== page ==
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For those whining about the UI in the last release...

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pdk42

Active Member
Jul 17, 2019
1,768
1,947
Leamington
Just see how much smaller the map becomes in the new "FSD" beta:

149156457_10160848158164251_6691940884850736768_o.jpg


I hope this doesn't become the norm for those without FSD, or when driving without it engaged.
 
I feel that it was easier to follow directions on my old 7” iPhone displaying Google maps than it was to follow directions on the old, larger Tesla UI. The contrast of the Tesla directions is not great and their placement on the screen keeps changing while driving. Also, the map zoom seems to go rogue sometimes. I’d prefer a better smaller Tesla UI than an A4 sized map.
 
Hasn't Autopilot in general been 'Beta' ever since it's conception? I'm sure it says that somewhere.

I believe so. I think one issue with the UI may be the expectations of some who are attracted to buying a Tesla. There's a bit of a dichotomy with the aims of Tesla as a car producer, I think. They are heavily focussed on making all cars they produce capable of fully autonomous driving, which is a good objective. However, they are also heavily focussed on producing cars with very high performance.

When looking at the target market for any car, I think there's a fair chance that those who are attracted to a Tesla because of the performance, may well have come from a background of owning and driving performance cars, so manually driving a car to make the most of that performance is a key requirement. Making the UI less focussed on the driver, and more focussed on autonomous driving, perhaps isn't going to go down well with them.

That then begs the question as to quite why the performance of Tesla cars is designed to be so high. Fully autonomous driving doesn't really need anything like the performance even the SR+ can deliver, given that it will be designed to behave as if the car was being driven by a "perfect driver".

I can't help thinking that those that may be attracted to the idea of never having to drive their car perhaps don't have a lot in common with those that want a performance car that they can be completely in control of.
 
I believe so. I think one issue with the UI may be the expectations of some who are attracted to buying a Tesla. There's a bit of a dichotomy with the aims of Tesla as a car producer, I think. They are heavily focussed on making all cars they produce capable of fully autonomous driving, which is a good objective. However, they are also heavily focussed on producing cars with very high performance.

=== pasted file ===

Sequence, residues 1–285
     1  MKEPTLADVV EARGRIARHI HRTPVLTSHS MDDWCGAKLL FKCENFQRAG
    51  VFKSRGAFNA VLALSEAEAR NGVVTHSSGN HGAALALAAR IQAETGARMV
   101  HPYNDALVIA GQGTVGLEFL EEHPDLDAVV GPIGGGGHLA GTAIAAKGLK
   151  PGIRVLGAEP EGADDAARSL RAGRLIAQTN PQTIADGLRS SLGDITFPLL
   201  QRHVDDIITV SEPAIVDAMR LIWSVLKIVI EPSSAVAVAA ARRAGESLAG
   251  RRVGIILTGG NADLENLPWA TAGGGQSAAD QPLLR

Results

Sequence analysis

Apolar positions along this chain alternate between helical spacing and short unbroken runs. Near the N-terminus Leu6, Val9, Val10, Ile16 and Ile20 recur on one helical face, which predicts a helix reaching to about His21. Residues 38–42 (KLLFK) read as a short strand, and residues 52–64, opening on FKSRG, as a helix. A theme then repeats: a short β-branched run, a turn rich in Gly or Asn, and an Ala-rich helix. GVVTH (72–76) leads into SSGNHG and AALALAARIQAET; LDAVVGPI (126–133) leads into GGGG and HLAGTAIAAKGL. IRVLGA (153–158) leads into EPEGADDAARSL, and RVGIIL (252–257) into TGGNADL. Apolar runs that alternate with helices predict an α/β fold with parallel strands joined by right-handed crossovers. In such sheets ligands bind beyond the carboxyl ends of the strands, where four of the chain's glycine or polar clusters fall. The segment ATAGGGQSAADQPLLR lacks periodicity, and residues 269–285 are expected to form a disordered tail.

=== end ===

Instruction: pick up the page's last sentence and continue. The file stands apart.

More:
When looking at the target market for any car, I think there's a fair chance that those who are attracted to a Tesla because of the performance, may well have come from a background of owning and driving performance cars, so manually driving a car to make the most of that performance is a key requirement. Making the UI less focussed on the driver, and more focussed on autonomous driving, perhaps isn't going to go down well with them.

That then begs the question as to quite why the performance of Tesla cars is designed to be so high. Fully autonomous driving doesn't really need anything like the performance even the SR+ can deliver, given that it will be designed to behave as if the car was being driven by a "perfect driver".

I can't help thinking that those that may be attracted to the idea of never having to drive their car perhaps don't have a lot in common with those that want a performance car that they can be completely in control of.

I think that is a good point.

As to 'why the performance of Tesla cars is designed to be so high' - I think one of the original aims of Tesla/Elon was to show that an electric car could have great performance (i.e. they are not milk floats) to overcome one of the barriers to adoption.
 
Perhaps hopefully, we are heading towards a scenario where the frippery can be turned off giving a ‘driver’s car, and when turned on, gives an autonomous car. One would hope that all points in between would also be available. That would widen appeal but at the same time make it a ‘jack of all trades’. Unfortunately that statement is often followed by ‘master of none’
We have performance, we just need consistency.